First, measure the materials to be fed that day. The sample being pulled should be representative of the whole load to be fed, so try to pull from different places of the bunkface. Scan about 20 spots in the material, making sure to move the device around the pile and take measurements from the both the bottom and the top of the pile.


Horton says it should take about one minute to get 20 scans on the device. The information is stored on a jump drive and downloadable into an Excel spreadsheet.

Similar devices can range from $5,000 to $40,000, but Digi-Star’s tracker typically retails for about $7,000, Horton said.

“These devices aren’t designed to replace lab analysis,” he said. “These supplement a lab and can get you immediate, proactive data to be able to make decisions.”

This tour stop also included presentations on manure as a potential revenue stream with Peter Westra of Hull Coop Association and how to perform a TMR Audit with Kristy Pagel of Diamond V.

A second afternoon of tours had attendees tour Genex Cooperative facilities in Shawano, Wisconsin. Genex employees showcased bull collection facilities, described how the semen is tested and processed and opened up their new distribution site.

The fourth tour stop of the conference featured Synergy Dairy in Pulaski, Wisconsin. A new calf facility was built in 2010, which enabled the Olson and Jauqet families to bring their heifers back home after their custom grower decided to start dairying again. The operation has a focus on high-quality genetics and markets embryos abroad, including Italy, China and Japan.

On-farm presentations included deciding factors on breeding from David Schroepfer of Alta Genetics and the proper timeline of feeding through six months from Dan Schnell of United Cooperative.

Dr. Don Sockett of the Wisconsin Veterinary Diagnostic Laboratory also shared his frank thoughts on recent research of 2X vs. 3X feeding.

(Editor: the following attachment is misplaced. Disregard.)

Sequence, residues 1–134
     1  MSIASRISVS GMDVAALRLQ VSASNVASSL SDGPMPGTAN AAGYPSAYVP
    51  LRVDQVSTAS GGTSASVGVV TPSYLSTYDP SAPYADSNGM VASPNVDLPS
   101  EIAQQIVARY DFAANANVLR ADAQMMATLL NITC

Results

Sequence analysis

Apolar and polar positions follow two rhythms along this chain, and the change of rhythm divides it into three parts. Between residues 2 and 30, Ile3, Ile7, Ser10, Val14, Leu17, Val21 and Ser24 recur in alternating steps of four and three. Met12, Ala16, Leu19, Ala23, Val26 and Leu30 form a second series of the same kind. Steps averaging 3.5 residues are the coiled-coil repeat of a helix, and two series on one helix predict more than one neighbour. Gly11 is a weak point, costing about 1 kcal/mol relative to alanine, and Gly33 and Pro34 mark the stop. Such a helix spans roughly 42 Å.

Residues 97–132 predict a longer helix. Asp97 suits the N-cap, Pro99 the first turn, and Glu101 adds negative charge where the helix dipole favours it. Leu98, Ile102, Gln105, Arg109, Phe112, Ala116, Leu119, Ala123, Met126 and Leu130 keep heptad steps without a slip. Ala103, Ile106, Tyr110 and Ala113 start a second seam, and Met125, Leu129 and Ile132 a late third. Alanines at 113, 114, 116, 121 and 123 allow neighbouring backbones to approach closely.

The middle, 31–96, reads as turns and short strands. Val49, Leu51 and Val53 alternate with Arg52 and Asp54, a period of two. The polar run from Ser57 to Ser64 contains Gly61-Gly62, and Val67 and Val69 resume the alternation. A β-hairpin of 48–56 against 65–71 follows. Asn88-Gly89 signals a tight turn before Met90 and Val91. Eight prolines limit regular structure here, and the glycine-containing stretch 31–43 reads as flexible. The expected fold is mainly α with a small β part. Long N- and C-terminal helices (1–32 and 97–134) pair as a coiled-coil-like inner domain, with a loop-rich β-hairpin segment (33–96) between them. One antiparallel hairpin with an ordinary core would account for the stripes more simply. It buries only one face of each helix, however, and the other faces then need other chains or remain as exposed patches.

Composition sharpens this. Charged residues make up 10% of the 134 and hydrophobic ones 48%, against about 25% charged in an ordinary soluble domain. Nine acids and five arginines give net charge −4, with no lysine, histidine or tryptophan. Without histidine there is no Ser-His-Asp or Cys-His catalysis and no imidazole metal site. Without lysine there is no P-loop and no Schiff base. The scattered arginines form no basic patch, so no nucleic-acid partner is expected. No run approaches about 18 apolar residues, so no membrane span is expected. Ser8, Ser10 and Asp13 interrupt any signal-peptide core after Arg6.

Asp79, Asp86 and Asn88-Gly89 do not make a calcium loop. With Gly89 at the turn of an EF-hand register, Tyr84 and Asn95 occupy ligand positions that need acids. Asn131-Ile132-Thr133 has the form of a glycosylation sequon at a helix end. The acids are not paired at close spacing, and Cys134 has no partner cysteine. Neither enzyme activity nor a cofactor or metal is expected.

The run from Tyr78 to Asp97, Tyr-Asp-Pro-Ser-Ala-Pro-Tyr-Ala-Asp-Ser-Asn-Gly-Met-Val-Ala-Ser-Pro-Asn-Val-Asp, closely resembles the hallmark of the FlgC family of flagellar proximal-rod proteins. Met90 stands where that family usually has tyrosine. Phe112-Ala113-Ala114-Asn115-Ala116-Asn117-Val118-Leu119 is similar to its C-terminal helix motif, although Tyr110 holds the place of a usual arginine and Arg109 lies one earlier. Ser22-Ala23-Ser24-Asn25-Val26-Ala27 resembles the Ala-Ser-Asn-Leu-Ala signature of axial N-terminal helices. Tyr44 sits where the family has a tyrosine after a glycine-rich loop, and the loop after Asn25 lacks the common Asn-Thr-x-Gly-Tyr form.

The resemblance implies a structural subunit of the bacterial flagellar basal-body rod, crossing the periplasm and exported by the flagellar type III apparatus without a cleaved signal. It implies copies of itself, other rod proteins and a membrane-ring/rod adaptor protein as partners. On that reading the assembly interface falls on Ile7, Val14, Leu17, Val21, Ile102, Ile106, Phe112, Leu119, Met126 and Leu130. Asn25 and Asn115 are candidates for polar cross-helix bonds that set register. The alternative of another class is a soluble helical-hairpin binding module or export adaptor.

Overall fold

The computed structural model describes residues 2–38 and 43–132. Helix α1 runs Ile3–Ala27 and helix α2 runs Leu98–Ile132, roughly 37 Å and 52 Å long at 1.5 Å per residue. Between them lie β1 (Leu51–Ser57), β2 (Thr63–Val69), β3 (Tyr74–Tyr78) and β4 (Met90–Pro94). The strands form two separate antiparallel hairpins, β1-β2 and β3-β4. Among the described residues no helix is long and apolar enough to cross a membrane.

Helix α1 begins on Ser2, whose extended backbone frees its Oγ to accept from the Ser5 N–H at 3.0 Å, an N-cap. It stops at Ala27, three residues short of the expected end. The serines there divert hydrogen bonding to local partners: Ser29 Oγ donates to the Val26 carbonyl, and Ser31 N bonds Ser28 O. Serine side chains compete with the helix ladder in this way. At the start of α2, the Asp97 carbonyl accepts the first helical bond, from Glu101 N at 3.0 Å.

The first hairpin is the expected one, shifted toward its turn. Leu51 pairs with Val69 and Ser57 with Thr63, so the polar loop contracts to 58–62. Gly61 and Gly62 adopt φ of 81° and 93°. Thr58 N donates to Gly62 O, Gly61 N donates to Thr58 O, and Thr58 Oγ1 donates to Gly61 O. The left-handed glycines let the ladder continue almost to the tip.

“It was innately obvious to every [human] mother in our facility that calves would do better with being fed more often,” Sockett said.

His research found that the third feeding didn’t add a lot of extra labor but all of the calves on 3X feeding were taller with a bigger frame size.

“They were friskier, healthier, better calves,” Sockett said.

A surprising discovery in the research was how much calf-to-calf variability exists in starter grain intake. His team found intake “very inconsistent” day-to-day in both the 2X and 3X groups.

When asked about future research for his team, Sockett pointed to the field of epigenetics and studying long-term effects as being an exciting time for the dairy industry.

“It’s a whole new field of genetics,” he said. PD

Find more information online about the Dairy Calf & Heifer Association , including social media links to conference coverage.

A common theme of this year’s DCHA Conference was how Midwest calf growers handled a particularly long and harsh winter. Several dairies, like Synergy Dairy, discussed calf jackets and proper bedding. Photo by PD Editor Emily Caldwell.

emily caldwell

Emily Caldwell
Progressive Dairyman